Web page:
Foxconn chief offers to buy Diaoyu Islands and share them with Japan
Global Times | 2012-6-20 1:35:03
By Liu Sha
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Experts say Taiwan-based Foxconn CEO Guo Tai-ming's suggestion that he would buy the Diaoyu Islands and cooperate with Japan to develop them is impracticable and meaningless.

Guo said at a shareholder's meeting of Foxconn Technology Group that he respects Japan, and developing the islands with Japan would benefit both Taiwan and Japan, Taipei-based ettoday.net reported on Monday.

Located between the Taiwan Straits and Japan, the Diaoyu Islands have long been at the center of a sovereignty spat involving China and Japan.

Officials from the Taiwan Affairs Office of the State Council told the Global Times that protecting the sovereignty of the Diaoyu Islands would benefit both Taiwan and the Chinese mainland.

Experts in cross-Straits relations say it is not possible to buy the islands and there is no precedence for such a sale.

"Sovereignty cannot be bought," Li Jiaquan, researcher with the Institute of Taiwan Studies of the Chinese Academy of Social Sciences, told the Global Times. Yu Keli, deputy director from the same institute, said Guo might be attempting to show his support for Taiwan's ownership of the islands.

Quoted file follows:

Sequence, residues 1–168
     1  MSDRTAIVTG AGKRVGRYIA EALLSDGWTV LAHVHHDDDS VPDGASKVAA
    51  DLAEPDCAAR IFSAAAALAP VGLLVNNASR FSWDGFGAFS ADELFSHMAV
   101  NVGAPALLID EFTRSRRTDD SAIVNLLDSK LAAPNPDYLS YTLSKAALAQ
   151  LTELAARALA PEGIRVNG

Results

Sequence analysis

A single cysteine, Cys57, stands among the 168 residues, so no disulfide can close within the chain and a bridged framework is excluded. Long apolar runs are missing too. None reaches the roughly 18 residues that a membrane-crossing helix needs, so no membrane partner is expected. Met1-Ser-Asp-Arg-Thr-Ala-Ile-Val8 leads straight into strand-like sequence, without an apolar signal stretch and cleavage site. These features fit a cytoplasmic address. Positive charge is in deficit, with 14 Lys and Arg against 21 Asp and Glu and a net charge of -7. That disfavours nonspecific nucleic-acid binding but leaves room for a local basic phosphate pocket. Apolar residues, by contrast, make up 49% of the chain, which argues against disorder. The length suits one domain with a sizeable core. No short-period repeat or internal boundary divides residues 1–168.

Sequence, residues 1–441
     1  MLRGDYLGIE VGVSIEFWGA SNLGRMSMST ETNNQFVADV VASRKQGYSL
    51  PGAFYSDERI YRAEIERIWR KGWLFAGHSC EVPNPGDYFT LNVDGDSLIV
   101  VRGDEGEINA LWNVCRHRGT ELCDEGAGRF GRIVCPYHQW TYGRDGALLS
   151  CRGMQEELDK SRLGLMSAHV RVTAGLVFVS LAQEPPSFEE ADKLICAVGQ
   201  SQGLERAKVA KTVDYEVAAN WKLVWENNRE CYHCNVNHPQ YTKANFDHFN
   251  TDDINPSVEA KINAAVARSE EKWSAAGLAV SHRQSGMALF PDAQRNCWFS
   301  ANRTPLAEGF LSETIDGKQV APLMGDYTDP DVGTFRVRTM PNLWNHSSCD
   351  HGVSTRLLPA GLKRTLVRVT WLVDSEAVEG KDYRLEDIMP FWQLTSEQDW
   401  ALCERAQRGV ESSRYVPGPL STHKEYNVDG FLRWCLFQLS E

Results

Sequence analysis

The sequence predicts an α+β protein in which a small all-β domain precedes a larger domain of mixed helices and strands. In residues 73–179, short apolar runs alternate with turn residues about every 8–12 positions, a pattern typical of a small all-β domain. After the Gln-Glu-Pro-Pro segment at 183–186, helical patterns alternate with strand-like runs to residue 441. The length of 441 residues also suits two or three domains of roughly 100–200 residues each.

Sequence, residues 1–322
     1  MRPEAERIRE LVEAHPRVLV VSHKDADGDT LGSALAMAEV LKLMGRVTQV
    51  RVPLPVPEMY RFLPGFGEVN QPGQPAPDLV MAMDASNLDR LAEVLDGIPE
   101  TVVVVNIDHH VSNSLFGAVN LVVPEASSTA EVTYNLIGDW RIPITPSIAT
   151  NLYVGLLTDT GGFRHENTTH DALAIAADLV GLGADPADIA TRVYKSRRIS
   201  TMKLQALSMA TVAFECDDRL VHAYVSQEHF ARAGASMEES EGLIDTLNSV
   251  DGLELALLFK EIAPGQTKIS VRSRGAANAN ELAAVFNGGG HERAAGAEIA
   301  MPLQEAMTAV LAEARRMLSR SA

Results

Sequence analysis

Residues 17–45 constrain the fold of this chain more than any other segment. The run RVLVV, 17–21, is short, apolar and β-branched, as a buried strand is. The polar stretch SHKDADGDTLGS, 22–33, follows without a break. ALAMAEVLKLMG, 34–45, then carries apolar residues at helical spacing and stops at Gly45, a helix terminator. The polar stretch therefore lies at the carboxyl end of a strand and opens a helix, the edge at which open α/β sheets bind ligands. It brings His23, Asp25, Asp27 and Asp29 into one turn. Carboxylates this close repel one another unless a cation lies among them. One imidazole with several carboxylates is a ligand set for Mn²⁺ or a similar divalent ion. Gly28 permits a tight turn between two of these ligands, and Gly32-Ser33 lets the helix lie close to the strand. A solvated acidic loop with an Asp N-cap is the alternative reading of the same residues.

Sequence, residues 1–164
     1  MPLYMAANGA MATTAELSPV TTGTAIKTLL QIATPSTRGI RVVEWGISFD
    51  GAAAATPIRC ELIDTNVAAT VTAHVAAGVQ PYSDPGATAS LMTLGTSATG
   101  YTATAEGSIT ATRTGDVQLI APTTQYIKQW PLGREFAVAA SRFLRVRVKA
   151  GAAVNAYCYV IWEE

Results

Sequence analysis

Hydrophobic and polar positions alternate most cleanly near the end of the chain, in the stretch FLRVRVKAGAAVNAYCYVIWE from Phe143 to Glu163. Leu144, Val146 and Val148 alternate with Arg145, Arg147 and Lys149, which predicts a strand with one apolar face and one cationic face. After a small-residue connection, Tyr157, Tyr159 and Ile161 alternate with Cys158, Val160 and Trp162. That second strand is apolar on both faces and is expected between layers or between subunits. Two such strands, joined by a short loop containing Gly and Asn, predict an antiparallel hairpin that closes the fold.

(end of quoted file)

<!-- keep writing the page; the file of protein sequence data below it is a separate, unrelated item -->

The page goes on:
"Guo's statements are unwise and he will likely be scolded by both Chinese and Japanese public," Yu told the Global Times. "Any measures related to development of those islands can only take place after the sovereignty of those islands are settled."

As one of the largest exporters in Asia, Foxconn has more than 600,000 employees on the Chinese mainland and Guo has been an influential business leader on the mainland and in Taiwan.

Li Fei, a professor with Taiwan Research Center of Xiamen University in Fujian Province, said that Guo only made an informal statement and he may be just seeking public attention and to hype himself.

In April, Tokyo's Mayor Shintaro Ishihara raised hackles in both Taiwan and the mainland when he sought to buy some of the Diaoyu Islands and appealed to Japanese to donate money.

"Guo also might have been offering a counterpoint to Shintaro's statement," Li Fei told the Global Times.

Many Web users were upset by Guo's words saying he has betrayed China.

Calls and e-mails to the media office of Foxconn were not answered.


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